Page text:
A village of neuroscientists

by @NTNUhealth 3 December 2014
May-Britt Moser holding a rat. Edvard in the background

May-Britt and Edvard Moser have spent nearly 20 years building a laboratory and a team of neuroscientists to explore the workings of the brain. Much of their research is conducted using laboratory rats. Photo: Geir Mogen, NTNU

There’s a proverb – the origins of which are hotly disputed – that says “It takes a village to raise a child.” You could almost say the same thing about groundbreaking discoveries in neuroscience, if NTNU’s Kavli Institute for Systems Neuroscience/Centre for Neural Computation (KI/CNC) is any example.

Nobel laureates May-Britt and Edvard Moser have spent the last two decades building a village of neuroscientists, molecular biologists, physicists and anatomists – whose different and complementary skills are key to the ultimate goal of unlocking the secrets of how the brain actually computes.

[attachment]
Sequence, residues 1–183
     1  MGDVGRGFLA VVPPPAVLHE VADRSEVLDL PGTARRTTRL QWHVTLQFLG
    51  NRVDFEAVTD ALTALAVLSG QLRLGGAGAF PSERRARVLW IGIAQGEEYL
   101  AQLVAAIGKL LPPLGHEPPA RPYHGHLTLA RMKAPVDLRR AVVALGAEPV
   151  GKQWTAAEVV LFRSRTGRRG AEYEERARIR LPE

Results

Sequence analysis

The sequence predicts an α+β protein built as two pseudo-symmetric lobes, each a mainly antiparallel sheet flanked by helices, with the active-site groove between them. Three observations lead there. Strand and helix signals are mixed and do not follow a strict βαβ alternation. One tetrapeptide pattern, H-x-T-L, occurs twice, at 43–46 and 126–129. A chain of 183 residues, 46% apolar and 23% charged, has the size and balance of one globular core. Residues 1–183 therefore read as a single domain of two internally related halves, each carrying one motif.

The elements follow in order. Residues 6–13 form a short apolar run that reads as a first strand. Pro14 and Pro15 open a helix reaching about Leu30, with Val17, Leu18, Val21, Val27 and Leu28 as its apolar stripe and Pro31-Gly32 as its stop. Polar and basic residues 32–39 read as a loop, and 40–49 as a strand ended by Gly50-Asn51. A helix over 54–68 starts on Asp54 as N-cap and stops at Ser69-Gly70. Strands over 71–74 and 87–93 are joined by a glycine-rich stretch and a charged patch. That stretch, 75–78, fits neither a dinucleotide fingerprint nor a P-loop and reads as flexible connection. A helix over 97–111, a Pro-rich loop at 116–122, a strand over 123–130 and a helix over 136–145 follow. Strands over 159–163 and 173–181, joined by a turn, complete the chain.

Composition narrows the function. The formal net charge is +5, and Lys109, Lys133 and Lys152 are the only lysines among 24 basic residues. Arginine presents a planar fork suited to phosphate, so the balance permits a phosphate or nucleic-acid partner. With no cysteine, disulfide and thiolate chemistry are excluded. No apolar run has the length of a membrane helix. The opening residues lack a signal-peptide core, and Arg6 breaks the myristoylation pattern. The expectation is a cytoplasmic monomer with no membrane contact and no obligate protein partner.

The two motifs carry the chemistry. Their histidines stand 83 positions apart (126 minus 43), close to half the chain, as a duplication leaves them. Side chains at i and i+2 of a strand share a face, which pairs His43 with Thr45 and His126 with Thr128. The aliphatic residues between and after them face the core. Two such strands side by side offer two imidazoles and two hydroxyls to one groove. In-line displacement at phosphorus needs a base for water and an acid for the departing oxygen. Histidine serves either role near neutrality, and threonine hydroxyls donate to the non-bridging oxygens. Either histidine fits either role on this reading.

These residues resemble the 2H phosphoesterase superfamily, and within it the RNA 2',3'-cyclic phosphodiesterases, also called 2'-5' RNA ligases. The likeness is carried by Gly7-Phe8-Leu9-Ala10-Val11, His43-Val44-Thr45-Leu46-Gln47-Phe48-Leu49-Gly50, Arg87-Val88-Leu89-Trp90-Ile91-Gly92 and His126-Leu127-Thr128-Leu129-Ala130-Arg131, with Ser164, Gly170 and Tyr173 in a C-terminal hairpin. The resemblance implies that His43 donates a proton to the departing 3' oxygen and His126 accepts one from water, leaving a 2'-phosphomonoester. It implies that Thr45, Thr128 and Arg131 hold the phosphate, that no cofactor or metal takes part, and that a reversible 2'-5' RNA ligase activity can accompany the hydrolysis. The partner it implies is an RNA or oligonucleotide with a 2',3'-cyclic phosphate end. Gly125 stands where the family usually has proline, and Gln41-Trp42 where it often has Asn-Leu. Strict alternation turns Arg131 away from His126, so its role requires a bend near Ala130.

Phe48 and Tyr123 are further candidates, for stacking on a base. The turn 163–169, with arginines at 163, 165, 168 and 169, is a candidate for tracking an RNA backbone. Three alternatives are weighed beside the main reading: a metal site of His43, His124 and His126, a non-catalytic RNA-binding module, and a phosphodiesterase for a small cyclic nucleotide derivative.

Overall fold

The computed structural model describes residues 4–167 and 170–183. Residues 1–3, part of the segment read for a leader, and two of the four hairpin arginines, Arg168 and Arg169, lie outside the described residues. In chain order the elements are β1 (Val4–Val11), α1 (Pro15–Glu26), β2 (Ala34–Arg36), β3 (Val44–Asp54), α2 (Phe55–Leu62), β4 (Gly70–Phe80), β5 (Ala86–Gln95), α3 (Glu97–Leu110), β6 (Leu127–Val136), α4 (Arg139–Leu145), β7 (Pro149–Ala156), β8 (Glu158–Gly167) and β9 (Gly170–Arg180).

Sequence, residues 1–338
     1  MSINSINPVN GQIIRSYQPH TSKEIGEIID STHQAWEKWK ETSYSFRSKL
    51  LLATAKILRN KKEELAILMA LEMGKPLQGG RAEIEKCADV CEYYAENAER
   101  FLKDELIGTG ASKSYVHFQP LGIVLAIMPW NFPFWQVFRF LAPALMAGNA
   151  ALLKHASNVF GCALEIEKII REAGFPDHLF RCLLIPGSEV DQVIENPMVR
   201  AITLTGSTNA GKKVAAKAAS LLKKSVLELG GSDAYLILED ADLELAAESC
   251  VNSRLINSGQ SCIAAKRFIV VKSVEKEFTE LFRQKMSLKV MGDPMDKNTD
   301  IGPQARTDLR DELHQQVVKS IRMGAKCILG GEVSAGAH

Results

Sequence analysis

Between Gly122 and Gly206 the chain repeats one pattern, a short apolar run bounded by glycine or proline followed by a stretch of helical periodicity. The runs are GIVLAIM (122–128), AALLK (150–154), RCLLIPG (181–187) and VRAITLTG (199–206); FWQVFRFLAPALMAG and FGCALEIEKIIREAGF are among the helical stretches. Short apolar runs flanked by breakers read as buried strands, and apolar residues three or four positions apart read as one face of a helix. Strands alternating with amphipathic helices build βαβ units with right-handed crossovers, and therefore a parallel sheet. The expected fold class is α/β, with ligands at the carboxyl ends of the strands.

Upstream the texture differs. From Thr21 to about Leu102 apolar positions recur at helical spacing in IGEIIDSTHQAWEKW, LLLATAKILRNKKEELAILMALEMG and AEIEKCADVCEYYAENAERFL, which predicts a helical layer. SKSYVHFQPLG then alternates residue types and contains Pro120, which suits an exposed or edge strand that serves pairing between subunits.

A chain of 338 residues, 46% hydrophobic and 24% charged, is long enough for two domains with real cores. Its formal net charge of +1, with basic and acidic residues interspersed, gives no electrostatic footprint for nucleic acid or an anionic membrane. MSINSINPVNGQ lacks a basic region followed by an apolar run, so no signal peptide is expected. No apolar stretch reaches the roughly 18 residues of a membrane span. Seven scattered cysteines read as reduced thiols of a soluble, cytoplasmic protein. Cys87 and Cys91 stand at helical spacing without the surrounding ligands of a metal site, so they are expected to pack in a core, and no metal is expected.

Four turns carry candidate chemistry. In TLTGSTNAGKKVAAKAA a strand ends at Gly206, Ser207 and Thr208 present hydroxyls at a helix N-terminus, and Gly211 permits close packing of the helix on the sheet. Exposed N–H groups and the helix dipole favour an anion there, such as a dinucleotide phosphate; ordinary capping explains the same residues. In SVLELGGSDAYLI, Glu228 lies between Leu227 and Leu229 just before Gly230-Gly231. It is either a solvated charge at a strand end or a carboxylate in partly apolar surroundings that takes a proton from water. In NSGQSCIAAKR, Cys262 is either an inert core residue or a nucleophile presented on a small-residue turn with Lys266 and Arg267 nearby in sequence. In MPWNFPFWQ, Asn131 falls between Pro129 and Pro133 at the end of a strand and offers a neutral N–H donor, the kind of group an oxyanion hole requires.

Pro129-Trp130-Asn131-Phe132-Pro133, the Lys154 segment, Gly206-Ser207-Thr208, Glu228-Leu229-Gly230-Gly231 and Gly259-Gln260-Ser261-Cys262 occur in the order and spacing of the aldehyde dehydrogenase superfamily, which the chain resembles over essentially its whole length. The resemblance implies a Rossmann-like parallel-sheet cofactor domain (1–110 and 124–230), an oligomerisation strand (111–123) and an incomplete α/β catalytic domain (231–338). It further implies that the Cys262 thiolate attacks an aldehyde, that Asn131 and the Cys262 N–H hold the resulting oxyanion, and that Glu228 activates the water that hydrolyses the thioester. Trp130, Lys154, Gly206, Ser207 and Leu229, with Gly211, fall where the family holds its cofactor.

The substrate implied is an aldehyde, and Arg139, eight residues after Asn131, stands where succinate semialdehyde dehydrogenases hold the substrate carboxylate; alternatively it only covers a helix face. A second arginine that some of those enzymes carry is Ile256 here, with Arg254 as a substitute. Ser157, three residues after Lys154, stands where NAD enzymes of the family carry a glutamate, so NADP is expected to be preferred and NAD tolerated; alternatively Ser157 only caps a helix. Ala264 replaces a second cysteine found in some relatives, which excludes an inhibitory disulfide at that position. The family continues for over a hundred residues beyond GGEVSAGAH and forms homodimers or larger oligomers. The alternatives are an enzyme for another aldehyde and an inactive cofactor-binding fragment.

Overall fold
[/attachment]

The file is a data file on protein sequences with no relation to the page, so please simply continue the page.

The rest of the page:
The pioneering discovery of grid cells in the brain in 2005 by the Mosers and three of their graduate students shook the world of neuroscience to the very core – and is the reason the Mosers won the 2014 Nobel Prize in Physiology or Medicine with their former mentor, John O’Keefe. Their subsequent research showed how place and grid cells make it possible to determine position and to navigate.

Read more – A village of neuroscientists in Gemini

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